The Japanese Emperor To Step Down

The Japanese Emperor Akihito, who has spent much of his time on the throne trying to heal the wounds of the second world war, intends to abdicate in a few years’ time, public broadcaster NHK has reported, a step that would be unprecedented in modern Japan.

The 82-year-old monarch, who has had heart surgery and been treated for prostate cancer in recent years, expressed his intention to the Imperial Household Agency, NHK said.

Kyodo news agency, quoting a government source, said Akihito had been expressing his intention to abdicate to people around him for about a year, although in a separate report Kyodo quoted a senior official of the Imperial Household Agency denying that the reports were correct.Akihito has been cutting back on his official duties, handing over some of the burden to his heir, Crown Prince Naruhito, 56. Born in 1933, Akihito was heir to Emperor Hirohito, in whose name Japan fought the second world war.

“Looking back at the past, together with deep remorse over the war, I pray that this tragedy of war will not be repeated and together with the people express my deep condolences for those who fell in battle and in the ravages of war,” he said.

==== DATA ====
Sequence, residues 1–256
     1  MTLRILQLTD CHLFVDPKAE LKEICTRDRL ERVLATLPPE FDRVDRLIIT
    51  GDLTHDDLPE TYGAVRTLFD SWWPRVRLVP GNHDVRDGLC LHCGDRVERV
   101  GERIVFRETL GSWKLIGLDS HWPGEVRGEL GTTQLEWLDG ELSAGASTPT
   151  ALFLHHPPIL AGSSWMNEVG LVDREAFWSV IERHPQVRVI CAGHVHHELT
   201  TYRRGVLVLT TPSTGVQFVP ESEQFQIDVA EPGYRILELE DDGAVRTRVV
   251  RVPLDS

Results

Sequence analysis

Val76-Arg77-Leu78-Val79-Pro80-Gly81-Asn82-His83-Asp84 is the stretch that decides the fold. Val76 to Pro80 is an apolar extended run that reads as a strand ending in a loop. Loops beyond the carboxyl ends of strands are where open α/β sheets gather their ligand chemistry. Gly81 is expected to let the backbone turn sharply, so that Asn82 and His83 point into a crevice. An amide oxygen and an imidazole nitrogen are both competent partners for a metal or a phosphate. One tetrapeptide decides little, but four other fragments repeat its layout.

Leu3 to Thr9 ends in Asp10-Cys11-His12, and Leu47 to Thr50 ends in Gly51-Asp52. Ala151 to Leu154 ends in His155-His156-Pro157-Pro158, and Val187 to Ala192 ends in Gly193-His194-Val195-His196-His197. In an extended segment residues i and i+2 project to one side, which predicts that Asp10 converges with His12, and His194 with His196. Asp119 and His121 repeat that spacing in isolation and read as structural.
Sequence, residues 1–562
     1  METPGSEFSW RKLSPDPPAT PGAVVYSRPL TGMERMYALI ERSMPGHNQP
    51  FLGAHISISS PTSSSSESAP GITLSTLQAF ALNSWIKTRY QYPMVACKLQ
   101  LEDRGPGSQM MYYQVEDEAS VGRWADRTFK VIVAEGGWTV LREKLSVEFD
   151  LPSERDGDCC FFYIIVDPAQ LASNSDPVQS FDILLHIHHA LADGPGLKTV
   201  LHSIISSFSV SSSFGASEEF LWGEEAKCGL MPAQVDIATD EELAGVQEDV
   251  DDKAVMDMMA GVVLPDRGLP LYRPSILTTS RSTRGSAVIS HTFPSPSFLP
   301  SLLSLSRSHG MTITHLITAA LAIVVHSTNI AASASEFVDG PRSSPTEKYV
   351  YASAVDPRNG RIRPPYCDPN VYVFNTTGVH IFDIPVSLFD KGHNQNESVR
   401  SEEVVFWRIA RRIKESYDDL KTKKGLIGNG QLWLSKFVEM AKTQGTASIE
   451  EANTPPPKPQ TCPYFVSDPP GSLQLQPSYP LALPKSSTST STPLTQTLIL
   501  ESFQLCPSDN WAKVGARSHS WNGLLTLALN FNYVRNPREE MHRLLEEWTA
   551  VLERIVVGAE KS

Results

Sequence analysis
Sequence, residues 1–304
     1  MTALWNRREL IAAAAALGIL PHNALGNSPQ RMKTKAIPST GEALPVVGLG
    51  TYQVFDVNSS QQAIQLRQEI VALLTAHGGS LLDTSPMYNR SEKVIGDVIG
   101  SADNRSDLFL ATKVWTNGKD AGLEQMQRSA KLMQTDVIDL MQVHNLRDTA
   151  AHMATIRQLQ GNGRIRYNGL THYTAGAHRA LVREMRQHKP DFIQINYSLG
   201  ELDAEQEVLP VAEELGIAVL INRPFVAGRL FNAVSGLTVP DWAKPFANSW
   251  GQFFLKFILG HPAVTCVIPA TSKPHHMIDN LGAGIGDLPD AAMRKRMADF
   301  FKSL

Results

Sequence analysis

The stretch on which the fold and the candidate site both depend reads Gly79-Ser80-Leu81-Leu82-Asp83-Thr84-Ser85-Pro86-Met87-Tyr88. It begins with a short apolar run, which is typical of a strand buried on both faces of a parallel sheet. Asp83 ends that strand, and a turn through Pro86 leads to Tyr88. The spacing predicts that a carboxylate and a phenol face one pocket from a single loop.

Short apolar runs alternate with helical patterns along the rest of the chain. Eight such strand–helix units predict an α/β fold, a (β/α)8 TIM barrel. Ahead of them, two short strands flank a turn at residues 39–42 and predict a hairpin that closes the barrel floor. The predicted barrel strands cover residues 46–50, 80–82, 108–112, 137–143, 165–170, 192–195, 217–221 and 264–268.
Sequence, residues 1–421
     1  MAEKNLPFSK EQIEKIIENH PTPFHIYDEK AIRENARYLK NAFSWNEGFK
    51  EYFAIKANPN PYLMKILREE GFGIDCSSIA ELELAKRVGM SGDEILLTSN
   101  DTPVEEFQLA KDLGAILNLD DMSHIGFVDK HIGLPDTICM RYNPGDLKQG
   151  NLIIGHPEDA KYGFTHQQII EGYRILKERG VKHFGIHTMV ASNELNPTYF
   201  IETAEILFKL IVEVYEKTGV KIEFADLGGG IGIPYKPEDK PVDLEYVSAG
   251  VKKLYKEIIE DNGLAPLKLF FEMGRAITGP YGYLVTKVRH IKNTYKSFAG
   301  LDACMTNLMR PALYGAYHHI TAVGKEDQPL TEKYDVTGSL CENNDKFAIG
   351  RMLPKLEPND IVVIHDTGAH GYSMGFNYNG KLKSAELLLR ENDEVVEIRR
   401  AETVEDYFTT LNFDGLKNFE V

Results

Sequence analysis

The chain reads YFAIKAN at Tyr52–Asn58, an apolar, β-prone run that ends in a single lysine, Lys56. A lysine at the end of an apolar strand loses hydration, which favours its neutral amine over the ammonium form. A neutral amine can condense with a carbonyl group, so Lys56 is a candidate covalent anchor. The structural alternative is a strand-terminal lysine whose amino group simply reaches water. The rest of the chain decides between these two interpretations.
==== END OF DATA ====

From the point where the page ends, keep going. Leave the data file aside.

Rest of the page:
“He cares a great deal about war issues and reconciliation [with Asian countries]. Naruhito has made clear that he will carry on with that,” Nakano added.

Akihito has sought to deepen Japan’s ties with the world through visits abroad. In 1992 he became the first Japanese monarch in living memory to visit China, where bitter memories of Japan’s past military aggression run deep.

Emperor Kokaku, who gave up the throne in 1817, was the last Japanese emperor to abdicate, NHK said.

Miiko Kodama, a professor emeritus at Musashi University, said the Imperial Household Law would need to be amended to allow Akihito to step down, a process that could take time and debate in parliament.

Akihito’s efforts to draw the imperial family closer to the people in image, if not in fact, have played into a carefully crafted picture of a “middle-class monarchy” that has helped to shield it from the harsh criticism suffered by flashier royals abroad.